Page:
Beasts of the Southern Wild, just in time.

The Oscars are tonight! I could opine about my picks, but the truth is that I’m in grad school and haven’t been able to see most of the nominated films. So I’ll tell you about one I watched this very afternoon.

Beasts of the Southern Wild was released in June to spectacular acclaim, but I never got around to it. I didn’t get around to it until today, in fact, in anticipation of tonight’s ballroom gown gala. Being that it was released so many moons ago, I’d forgotten most of the press about it that I read when I sat down to watch it. The most recent bit of writing I’ve read about it was a review by a friend of mine in which he focuses on the film’s sociological context and how very problematic it is. For better or worse, his was the narrative in my head as I watched the film.

For those of you who live under rocks – or just don’t get to the movies that much – Beasts is set in the Bathtub, a Louisiana bayou community under siege from first, an oncoming storm (in an intentional Katrina parallel), and second, the mainlanders who troop in after the storm to evacuate whoever stayed. Our hero, Hushpuppy, is a five-year-old girl living with her father, Wink, whose parenting is spotty to say the least. Hushpuppy has her own “house,” a shack connected to her father’s shack by a rope with bells tied to either end, and Wink seems to have a habit of wandering off for days at a time and leaving Hushpuppy to fend for herself. He is passionate about the Bathtub and its residents, many of whom are determined to stay. The film follows their efforts to remain in the Bathtub despite the odds, with Wink and, later, Hushpuppy leading the troops.

From minute one, the film feels exploitative, and while that feeling eases up as the narrative gains steam it never goes away entirely. As a viewer, I think I’m supposed to be on the Bathtub residents’ side, but it’s a challenge when they’re doing things like putting their crying babies into crawl races. It’s hard not to feel like I’m watching poverty porn that only further marginalizes its subjects, as opposed to making them in some way legible. But if one can power through that uncomfortableness, there awaits … more uncomfortableness, if you’re even remotely sociologically savvy. Because here’s the thing, right – on the pure level of Wink and Hushpuppy, it becomes abundantly clear that Wink loves his daughter. It is also abundantly clear that Wink cannot parent with anything approaching competence. He leaves Hushpuppy alone for days on end, during which she feeds herself by cooking up a pot of what looks like condensed milk and dog food. He has her set up in her very own shack, which she proceeds to burn down because she is five years old. He’s mostly drunk, and also, he’s dying of a chronic illness about which he tells Hushpuppy nothing. He is terrible. But Hushpuppy adores him, and his love for her comes through despite his utter inability to be an adult for more than five consecutive minutes.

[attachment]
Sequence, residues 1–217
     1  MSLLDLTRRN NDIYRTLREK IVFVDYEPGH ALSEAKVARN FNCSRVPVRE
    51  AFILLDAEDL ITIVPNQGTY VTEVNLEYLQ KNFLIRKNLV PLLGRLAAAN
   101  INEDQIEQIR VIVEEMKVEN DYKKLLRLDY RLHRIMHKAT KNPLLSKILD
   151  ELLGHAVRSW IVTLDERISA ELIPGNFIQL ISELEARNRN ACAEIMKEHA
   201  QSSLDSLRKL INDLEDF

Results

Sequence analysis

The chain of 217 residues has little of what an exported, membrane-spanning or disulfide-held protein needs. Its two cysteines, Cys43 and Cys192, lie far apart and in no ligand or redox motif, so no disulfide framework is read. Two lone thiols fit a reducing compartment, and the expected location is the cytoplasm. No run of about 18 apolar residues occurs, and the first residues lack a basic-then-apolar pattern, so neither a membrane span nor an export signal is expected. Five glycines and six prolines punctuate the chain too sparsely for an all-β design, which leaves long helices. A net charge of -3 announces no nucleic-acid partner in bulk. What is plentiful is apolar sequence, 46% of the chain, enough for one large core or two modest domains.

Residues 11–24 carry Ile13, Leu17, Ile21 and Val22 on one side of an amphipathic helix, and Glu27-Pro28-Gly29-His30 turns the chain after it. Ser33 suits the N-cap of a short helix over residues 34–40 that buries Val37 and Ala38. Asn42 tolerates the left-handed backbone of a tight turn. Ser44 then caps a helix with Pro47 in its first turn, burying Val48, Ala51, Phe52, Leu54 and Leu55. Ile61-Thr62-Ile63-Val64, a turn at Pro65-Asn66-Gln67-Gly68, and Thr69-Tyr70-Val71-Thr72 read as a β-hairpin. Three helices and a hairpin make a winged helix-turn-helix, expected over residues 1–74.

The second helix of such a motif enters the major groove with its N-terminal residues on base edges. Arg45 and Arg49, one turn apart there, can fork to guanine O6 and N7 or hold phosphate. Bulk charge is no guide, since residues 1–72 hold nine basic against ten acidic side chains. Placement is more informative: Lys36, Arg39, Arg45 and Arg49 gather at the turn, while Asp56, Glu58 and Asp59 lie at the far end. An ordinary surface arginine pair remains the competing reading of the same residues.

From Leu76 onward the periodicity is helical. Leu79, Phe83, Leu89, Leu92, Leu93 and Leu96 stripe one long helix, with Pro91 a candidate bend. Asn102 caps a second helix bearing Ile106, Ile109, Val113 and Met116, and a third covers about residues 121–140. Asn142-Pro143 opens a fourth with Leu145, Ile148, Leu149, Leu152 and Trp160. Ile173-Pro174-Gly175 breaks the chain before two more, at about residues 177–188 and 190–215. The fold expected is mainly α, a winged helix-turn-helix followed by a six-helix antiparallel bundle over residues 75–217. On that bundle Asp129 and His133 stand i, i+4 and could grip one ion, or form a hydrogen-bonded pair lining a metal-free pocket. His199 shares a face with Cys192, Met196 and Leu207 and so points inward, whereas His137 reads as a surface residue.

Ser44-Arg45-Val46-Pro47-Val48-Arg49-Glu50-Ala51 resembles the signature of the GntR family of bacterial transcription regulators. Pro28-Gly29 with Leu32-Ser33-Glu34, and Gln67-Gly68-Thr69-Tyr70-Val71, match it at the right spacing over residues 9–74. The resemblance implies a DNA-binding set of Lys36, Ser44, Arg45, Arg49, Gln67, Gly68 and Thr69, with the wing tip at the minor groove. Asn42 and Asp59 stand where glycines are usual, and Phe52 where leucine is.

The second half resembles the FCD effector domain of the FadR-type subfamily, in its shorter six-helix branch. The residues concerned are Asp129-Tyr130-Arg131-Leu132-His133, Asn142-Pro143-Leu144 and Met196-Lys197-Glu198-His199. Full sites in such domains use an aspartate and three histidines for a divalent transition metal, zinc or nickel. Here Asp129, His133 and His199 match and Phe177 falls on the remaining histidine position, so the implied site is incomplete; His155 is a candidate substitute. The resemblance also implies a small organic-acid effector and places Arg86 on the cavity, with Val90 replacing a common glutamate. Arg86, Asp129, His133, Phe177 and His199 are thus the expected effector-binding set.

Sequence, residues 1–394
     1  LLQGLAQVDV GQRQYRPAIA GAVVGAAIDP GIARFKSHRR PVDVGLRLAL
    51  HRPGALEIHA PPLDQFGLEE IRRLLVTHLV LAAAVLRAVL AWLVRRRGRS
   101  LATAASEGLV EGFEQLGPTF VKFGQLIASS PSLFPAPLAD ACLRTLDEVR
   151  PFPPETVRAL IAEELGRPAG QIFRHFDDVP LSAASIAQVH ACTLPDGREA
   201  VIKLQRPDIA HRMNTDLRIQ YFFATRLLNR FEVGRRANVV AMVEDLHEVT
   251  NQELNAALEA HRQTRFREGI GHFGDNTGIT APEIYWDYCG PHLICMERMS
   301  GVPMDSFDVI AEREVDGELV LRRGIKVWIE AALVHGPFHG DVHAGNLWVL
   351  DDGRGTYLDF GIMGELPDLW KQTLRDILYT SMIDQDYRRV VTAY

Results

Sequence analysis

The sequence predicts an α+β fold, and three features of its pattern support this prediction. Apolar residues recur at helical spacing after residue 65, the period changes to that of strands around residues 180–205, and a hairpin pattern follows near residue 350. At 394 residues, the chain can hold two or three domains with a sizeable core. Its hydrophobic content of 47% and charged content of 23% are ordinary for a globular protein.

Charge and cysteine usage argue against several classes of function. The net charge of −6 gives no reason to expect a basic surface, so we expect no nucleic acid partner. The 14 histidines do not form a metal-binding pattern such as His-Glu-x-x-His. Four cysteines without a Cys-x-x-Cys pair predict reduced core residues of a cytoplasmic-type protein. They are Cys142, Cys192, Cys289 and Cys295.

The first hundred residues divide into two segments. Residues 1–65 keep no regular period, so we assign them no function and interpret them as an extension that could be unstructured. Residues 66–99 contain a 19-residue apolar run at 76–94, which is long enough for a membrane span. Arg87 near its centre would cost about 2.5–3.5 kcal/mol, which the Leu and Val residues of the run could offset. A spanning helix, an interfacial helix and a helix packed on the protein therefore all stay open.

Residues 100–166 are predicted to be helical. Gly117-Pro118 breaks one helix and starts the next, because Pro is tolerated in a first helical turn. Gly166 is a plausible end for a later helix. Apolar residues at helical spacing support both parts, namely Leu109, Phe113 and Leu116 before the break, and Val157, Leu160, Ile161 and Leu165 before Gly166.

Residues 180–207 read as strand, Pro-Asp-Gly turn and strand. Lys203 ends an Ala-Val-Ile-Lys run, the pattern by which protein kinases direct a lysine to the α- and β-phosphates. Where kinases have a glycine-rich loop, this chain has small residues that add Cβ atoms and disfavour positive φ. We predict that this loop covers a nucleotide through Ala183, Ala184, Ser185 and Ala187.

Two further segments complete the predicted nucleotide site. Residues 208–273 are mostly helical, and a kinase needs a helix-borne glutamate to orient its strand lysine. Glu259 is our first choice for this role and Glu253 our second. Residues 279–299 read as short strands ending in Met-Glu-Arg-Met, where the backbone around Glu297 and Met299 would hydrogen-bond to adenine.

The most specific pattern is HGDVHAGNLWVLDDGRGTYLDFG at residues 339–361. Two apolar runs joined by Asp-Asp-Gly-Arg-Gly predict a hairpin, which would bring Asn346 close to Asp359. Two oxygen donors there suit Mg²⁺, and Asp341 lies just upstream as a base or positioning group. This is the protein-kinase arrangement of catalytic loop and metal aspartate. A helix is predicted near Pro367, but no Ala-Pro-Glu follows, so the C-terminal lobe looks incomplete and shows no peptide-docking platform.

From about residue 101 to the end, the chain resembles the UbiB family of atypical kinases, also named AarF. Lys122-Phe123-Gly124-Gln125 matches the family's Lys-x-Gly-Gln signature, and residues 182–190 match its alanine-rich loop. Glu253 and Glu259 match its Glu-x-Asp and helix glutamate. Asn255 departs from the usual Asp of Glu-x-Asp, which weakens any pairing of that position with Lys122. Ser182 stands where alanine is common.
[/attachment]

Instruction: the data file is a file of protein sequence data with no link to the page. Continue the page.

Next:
So what do you do? When the cops come from the mainland to evacuate the residents of the Bathtub, you’re on the residents’ side; the cops are aggressive and utterly without compassion. When you see the way the residents are treated in the shelter – the scene of Hushpuppy, her afro combed into pigtails, a starched collar around her throat and a look of utter obstinance on her face while her white kindergarten teacher screams at her, will be with me for awhile – you’re on their side. But the reality of their life is stark. And it’s hard not to feel that these are not people who should be responsible for children. (The majority of folks who survived the storm and the flood are, like Wink, drunk most of the time. He finds his friend Walrus when Walrus opens his door the morning after the storm and steps into water deeper than his head, bottle in hand.)

Beasts of the Southern Wild asks some really important questions about how we as a society arrive at norms around parenting and education. It provocatively asks how we should handle people who opt out of modernity, and what responsibilities we have towards their children. As a social worker in training, I couldn’t help brainstorming what effective and culturally sensitive social services would look like for the residents of the Bathtub. Of course, my brainstorming skipped the whole step where you get the residents to accept that they need them. Do they? As regards their children, I want to say yes. But really, I’m not sure.

I should probably talk about Beasts as a film, but I gotta say, it’s not that interesting. There are some lovely moments, and Wallis is both very cute and on her game, but I couldn’t really engage with the thematic material with so many unresolved questions about the setting biting my heels. Maybe that’s on me. Maybe that’s on director Benh Zeitlin. Maybe the answer is that the film doesn’t try to justify or explain the Bathtub’s people, it simply shows them to you and challenges you to go with them anyway. That is an interesting choice. It is one that works better when kids aren’t eating dog food.


About Sara

I like to talk about media, food, and gender.
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